A thoughtful, thorough, and well-written book on biblical eschatology. . . . Middleton’s message concerns, secondarily, Christians’ fixation on the rapture and, primarily, virtually all of Christian preaching and teaching that eviscerates the richness of the Bible’s eschatology, offering nothing more than the chance to go to heaven after we die and this world has ended. . . . Middleton eloquently lifts up what is entirely plain if you pay attention: ‘the Bible consistently anticipates the redemption of the entire created order.’ Guiding us on a dazzling tour through the broad range of relevant texts, he makes clear the Bible’s emphasis on the material order–on culture, bodies, and buildings–and shows that the Creator’s purpose isn’t for creation to be swept away, but for it to be entirely redeemed.

This one is a somewhat strange review. It is mostly positive, but the reviewer raises all sorts of questions about things in the book, some of which are actually answered in the book (did he read it carefully?) and some of which are on minor points that I didn’t stress, but that he somehow thought were important. And once or twice he just plain misinterpreted what I was saying (like on the nature of final judgment or on taking eschatological imagery literally).

But, that’s par for the course as far as book reviews go (there have been much greater misreadings of things I wrote in reviews of my earlier books). And, as they say, any publicity is good publicity! (And the Christian Century is a widely read periodical.)

Rodney Clapp in the Christian Century

Interestingly, Rodney Clapp, the editor who originally contracted me for the eschatology book (but now works for a different publisher), wrote an earlier piece for the Christian Century on trends in holisitic eschatology (entitled “Life after Life after Death”), in which he mentioned the book I was working on a couple of years before it was published.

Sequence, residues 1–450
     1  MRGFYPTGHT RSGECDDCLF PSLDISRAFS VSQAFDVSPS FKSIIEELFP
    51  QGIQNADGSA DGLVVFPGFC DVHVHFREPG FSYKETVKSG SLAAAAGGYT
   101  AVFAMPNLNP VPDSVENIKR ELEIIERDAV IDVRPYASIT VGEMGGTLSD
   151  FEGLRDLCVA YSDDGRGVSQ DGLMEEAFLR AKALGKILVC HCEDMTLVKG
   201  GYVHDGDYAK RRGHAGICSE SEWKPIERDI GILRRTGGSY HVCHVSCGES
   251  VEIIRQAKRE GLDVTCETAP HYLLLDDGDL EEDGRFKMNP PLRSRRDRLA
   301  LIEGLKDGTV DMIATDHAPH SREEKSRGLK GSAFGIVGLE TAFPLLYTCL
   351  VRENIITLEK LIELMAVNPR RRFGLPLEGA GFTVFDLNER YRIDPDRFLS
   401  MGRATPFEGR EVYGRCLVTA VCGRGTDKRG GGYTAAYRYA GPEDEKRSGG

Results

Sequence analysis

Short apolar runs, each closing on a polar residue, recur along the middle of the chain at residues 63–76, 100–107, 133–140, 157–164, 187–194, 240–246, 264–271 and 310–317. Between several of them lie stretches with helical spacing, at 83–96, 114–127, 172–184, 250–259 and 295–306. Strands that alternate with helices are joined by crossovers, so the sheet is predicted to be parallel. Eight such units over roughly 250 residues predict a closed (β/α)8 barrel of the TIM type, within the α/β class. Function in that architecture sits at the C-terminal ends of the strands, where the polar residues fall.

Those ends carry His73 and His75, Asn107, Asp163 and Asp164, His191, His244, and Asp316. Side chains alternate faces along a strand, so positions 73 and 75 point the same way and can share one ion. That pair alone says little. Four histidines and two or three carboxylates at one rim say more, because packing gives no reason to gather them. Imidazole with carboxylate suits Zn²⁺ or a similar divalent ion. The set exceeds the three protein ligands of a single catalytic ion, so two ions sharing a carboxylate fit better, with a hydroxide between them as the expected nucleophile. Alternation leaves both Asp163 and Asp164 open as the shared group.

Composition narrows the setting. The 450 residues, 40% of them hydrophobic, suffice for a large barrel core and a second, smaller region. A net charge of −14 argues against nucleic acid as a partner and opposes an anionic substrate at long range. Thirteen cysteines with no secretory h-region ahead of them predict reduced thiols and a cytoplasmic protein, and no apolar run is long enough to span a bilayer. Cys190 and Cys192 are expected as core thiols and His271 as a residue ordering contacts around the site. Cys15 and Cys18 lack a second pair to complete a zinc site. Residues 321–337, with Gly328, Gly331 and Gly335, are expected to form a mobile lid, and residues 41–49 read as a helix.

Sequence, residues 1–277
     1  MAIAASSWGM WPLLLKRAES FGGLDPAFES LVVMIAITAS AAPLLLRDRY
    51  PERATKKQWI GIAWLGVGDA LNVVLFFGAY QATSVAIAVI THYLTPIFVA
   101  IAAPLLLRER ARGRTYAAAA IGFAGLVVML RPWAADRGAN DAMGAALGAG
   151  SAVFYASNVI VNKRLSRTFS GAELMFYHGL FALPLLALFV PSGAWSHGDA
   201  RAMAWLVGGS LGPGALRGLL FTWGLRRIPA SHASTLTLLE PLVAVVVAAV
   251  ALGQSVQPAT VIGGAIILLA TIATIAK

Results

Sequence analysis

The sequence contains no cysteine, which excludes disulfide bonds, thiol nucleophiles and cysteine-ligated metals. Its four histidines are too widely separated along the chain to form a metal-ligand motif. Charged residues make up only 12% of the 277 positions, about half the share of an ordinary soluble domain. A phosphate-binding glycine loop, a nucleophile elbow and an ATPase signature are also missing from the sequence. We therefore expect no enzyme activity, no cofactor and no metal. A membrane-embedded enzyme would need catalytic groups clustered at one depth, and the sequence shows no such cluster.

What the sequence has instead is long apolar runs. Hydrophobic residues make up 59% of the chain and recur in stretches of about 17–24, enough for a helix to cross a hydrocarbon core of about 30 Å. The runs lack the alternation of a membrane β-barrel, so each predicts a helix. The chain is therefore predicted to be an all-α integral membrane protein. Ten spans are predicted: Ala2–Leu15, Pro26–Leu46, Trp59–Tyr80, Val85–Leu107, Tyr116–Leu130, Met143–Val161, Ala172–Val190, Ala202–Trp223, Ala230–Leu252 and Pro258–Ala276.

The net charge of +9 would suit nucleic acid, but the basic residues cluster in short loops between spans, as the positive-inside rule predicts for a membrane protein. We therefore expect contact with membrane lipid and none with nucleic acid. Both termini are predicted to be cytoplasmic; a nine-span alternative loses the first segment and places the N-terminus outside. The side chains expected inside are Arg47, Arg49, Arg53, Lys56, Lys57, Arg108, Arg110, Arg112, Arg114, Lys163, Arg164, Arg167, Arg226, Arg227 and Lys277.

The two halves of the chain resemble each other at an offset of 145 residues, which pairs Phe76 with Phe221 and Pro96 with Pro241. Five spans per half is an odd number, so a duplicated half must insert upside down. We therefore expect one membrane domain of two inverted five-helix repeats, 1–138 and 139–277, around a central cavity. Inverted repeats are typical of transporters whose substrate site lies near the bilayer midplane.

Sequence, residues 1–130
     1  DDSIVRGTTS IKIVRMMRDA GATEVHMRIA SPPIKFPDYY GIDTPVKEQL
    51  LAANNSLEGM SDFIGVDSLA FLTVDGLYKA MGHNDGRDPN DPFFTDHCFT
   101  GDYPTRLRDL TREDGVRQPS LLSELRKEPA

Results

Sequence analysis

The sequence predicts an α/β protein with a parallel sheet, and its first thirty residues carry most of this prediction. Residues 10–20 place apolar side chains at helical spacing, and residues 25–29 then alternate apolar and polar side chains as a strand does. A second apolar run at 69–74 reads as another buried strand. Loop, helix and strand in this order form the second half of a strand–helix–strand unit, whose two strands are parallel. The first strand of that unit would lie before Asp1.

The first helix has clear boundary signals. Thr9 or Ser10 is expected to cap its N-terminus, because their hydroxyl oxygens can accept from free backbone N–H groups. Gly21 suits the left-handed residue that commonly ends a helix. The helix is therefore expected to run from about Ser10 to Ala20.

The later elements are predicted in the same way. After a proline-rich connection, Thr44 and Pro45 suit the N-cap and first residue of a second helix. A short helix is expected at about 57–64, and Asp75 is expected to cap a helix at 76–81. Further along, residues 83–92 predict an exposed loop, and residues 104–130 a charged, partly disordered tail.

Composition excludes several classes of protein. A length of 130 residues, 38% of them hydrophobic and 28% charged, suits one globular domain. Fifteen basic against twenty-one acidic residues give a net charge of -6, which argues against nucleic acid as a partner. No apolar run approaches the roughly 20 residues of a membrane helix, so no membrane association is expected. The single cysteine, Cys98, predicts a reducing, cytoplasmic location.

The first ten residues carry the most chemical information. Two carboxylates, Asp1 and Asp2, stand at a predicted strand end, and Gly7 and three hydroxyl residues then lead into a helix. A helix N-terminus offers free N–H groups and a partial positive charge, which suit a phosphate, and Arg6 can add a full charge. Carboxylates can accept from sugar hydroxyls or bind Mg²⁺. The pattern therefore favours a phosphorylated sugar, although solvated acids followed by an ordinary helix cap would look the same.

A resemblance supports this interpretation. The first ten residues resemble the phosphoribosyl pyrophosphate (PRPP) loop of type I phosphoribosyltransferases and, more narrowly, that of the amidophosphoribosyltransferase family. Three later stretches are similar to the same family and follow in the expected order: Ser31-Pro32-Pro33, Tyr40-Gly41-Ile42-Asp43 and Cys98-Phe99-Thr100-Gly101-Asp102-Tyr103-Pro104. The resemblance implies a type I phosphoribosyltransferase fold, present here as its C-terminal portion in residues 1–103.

At one point in the article, he addresses recent books on the subject:

Premier among them is N. T. Wright’s Surprised by Hope: Rethinking Heaven, the Resurrection, and the Mission of the Church. Rob Bell’s bestseller Love Wins follows Wright in putting the post-mortem emphasis on resurrected bodies in the context of a new heaven and a new earth. More recently Howard Snyder and Joel Scandrett, in Salvation Means Creation Healed, make an extended argument that salvation focuses not just on souls and not just on people, but presents the hope of a transformed and new earth. Meanwhile, biblical scholar Richard Middleton is at work on a book that will closely examine the major biblical texts and argue for the eschatological hope of a new heaven and a new earth.

You can read the entire article here.

Rodney Clapp on the Running Heads Website

A few months ago Rodney followed this up with a more extended online review of A New Heaven and a New Earth; he posted it on the editorial website for Cascade Books and Pickwick Publications, called “Running Heads” (Rodney is chief editor for Cascade Books).

These are the opening and closing sections of the review:

Some years ago, when I was an editor with Brazos/Baker Academic, I acquired a project that has just now come to fruition. That book is J. Richard Middleton’s A New Heaven and a New Earth: Reclaiming Biblical Eschatology (Baker Academic). Richard’s work is a sweeping—and exegetically detailed—survey of the argument that the earth is not to be left behind at the end of history as we know it. Instead, God will transform the “old” heavens (which are a creation of God themselves) and earth, because all creation is a part of God’s salvific work through Israel and Jesus Christ.

. . . . . . .

Of course, it remains to be seen if the holistic eschatological perspective will spread through the entire church and become dominant. I hope it will. If it does, Middleton’s A New Heaven and a New Earth will surely be seen as a key text in that shift.

At the end of the reivew, Howard Snyder (one of the authors Rodney mentioned in his earlier article) posted a comment in response, saying that he was using my book in one of his courses at Asbury Seminary.

You can read the entire review (and the response comment) here.